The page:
Combine Profusion with Aysmmetry for Luxury Interior Design London
Luxury Interior Design London
People usually opt to get rid of this feeling of confusion by not having too many things. There’s something to be said about a spare, Spartan look. Many modern interior designers choose to have a few pieces that are very eye-catching and keep colours and prints down to a minimum.Creative Art Combinations
However, there’s also something to be said about combining things in a profusion of creativity. Sometimes, when you place two very different things next to each other, you might
find that they work. So rather than just having one Georgia O’Keefe painting on the wall, you could have four or five smaller works by different artists placed in a collage-type pattern. One could be a landscape, one a portrait, one a photo that you took yourself, one a geometrical pattern etc.Connecting Diverse Things
All you need to do is find some way to connect these things. Maybe they all have one colour
running through them. Or maybe they have the same textural feel. It could be something even more subtle: maybe they are all in a pastel colour group. The way to figure out if something like this is going to work is by placing several different images next to each other on the floor or on a bed and moving them around until you have the right arrangement.Sculptural Arrangements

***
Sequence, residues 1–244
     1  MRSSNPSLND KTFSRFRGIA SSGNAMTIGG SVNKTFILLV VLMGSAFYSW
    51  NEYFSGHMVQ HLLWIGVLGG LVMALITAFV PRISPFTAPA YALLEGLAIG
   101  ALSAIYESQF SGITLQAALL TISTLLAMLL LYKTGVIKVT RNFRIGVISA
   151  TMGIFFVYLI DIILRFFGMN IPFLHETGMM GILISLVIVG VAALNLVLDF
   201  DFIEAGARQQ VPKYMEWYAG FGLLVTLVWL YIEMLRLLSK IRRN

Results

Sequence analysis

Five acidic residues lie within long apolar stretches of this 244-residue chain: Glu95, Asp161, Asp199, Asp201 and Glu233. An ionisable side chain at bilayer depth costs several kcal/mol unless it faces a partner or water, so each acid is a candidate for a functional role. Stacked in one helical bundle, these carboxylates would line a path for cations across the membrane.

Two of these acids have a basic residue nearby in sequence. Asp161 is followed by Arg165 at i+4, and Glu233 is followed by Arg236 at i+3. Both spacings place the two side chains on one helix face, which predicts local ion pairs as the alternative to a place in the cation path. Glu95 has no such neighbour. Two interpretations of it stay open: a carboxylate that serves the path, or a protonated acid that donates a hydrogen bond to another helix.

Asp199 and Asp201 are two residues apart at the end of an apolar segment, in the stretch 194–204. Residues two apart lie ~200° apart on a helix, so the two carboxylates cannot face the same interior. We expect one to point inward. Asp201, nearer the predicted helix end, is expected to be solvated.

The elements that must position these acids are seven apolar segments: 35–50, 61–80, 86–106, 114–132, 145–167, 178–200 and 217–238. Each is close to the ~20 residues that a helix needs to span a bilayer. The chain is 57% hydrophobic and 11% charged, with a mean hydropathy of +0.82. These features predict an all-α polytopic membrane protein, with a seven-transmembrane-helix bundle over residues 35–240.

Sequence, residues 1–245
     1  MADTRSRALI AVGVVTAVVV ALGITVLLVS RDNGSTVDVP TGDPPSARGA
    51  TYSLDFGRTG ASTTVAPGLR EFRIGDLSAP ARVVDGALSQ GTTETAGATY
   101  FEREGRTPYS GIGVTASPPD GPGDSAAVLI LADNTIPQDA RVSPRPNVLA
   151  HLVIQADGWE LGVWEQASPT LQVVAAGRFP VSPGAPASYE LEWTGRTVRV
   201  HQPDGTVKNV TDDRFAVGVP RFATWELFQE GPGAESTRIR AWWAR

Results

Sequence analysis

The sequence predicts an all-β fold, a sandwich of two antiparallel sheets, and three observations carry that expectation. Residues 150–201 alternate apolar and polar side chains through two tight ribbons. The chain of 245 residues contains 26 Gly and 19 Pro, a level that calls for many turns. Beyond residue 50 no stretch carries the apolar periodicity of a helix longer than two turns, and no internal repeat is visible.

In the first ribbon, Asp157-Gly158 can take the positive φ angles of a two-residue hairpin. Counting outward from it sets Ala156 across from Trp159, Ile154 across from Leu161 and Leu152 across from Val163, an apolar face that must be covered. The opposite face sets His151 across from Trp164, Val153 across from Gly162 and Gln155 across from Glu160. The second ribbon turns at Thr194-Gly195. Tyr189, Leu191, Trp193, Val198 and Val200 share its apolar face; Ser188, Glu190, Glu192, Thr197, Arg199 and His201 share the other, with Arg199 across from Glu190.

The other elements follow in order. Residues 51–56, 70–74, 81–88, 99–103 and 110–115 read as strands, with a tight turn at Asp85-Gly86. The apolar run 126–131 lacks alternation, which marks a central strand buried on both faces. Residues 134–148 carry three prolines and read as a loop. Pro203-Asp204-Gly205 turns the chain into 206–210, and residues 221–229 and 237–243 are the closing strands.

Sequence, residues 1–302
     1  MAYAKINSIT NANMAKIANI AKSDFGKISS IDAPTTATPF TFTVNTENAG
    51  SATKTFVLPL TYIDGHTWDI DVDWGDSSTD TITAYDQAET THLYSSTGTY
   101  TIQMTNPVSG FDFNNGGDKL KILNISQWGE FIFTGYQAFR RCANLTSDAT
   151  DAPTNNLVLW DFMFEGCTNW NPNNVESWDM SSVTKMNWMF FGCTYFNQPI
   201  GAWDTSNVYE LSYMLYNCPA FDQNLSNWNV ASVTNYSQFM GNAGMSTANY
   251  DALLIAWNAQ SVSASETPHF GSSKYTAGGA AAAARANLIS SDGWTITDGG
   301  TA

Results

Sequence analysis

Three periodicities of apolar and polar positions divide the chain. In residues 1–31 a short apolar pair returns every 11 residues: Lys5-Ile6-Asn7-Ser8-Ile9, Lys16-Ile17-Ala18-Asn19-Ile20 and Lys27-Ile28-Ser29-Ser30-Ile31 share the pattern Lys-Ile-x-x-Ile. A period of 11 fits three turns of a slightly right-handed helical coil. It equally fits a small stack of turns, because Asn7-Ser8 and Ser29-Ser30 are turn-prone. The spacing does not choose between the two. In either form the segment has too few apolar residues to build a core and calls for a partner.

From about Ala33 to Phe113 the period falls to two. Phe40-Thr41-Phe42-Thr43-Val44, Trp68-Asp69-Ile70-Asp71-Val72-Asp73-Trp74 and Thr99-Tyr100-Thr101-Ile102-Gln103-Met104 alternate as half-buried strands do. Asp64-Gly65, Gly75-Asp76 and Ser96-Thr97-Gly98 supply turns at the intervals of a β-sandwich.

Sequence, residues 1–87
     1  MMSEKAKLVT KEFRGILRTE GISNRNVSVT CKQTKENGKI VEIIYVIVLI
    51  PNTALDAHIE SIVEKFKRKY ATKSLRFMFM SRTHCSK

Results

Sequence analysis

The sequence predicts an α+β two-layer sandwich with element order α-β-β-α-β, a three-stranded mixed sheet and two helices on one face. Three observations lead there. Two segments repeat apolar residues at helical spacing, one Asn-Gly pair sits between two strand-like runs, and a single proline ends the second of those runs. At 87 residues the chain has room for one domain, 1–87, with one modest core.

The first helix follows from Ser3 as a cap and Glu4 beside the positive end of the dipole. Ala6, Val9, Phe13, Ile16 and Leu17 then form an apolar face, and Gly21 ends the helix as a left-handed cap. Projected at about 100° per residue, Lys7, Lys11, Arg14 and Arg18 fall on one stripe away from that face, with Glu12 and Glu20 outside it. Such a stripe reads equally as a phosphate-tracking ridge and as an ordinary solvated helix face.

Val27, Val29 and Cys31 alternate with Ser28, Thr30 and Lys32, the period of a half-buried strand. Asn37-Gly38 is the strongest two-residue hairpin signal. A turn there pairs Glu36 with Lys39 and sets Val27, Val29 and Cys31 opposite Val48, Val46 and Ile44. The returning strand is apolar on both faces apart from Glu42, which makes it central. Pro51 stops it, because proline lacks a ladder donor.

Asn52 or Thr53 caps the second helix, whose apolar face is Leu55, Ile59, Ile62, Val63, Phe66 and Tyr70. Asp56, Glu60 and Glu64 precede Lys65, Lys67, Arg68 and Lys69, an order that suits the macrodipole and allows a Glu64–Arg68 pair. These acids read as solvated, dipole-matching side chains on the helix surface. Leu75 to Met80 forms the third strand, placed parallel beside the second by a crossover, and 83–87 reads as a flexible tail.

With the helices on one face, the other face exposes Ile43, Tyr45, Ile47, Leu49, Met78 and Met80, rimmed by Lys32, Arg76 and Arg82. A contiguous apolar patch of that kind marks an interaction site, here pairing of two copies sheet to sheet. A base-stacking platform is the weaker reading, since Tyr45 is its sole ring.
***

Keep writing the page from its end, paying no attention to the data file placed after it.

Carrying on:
Similarly, you can create little spaces where you have more than one sculpture or decorative piece. Rather than trying to give each decorative piece its own space, mix a few of them together. Go for an asymmetrical look. Think of combining the Western flower arrangement technique which consists of profusion with the Japanese flower arrangement technique that consists of perfection and asymmetry. A little bit of profusion and a little bit of asymmetry work well together.Furniture Arrangements
You can also extend this idea to furniture, if you dare, by getting several pieces that are quite different in and of themselves but which work when placed in a certain pattern. In The Book of Tea, the great Japanese art historian Kakuzo Okakura talks about the Japanese tea master Rikiu who is never satisfied with his son’s cleaning of the garden. Finally, he shakes a tree and lets all the leaves scatter, creating a beautiful sense of profusion. This is the kind of natural yet scattered feel you might want to aim for.
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